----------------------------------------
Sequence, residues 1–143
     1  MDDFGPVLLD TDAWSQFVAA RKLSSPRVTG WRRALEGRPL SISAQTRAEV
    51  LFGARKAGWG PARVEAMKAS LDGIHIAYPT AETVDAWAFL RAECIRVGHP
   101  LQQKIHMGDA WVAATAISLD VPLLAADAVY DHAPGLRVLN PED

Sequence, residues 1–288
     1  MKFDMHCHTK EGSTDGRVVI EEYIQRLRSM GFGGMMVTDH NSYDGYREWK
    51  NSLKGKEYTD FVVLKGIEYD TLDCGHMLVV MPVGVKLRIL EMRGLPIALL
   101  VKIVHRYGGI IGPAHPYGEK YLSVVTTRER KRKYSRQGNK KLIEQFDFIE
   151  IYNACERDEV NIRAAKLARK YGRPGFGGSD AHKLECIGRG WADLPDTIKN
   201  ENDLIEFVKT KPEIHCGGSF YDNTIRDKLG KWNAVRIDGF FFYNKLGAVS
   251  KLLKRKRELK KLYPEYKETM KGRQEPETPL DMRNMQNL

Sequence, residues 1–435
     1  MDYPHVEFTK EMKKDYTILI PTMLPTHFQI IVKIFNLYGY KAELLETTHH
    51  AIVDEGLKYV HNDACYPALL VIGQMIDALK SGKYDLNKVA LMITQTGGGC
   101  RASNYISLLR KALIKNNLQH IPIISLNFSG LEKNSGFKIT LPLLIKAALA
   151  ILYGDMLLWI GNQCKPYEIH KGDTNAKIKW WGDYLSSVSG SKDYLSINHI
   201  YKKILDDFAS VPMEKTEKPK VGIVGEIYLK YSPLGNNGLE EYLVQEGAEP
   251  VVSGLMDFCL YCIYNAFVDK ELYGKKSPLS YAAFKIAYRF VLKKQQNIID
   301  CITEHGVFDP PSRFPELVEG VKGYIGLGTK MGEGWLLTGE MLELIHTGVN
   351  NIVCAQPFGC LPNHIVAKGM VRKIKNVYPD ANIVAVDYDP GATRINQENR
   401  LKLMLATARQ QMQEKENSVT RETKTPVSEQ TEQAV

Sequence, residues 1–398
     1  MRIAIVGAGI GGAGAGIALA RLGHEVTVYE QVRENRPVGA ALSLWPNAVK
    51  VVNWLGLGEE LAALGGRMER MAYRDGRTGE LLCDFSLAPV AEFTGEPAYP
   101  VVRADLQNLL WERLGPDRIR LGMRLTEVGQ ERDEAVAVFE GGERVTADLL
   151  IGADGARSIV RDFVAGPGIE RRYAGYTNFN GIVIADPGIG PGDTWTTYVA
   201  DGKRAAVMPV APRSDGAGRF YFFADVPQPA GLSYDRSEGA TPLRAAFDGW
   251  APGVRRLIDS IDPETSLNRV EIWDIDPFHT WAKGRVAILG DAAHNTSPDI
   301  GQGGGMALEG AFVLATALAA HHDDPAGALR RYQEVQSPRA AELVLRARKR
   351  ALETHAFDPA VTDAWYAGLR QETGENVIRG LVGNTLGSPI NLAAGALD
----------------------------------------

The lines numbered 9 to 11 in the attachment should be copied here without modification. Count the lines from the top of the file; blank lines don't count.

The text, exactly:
   151  IYNACERDEV NIRAAKLARK YGRPGFGGSD AHKLECIGRG WADLPDTIKN
   201  ENDLIEFVKT KPEIHCGGSF YDNTIRDKLG KWNAVRIDGF FFYNKLGAVS
   251  KLLKRKRELK KLYPEYKETM KGRQEPETPL DMRNMQNL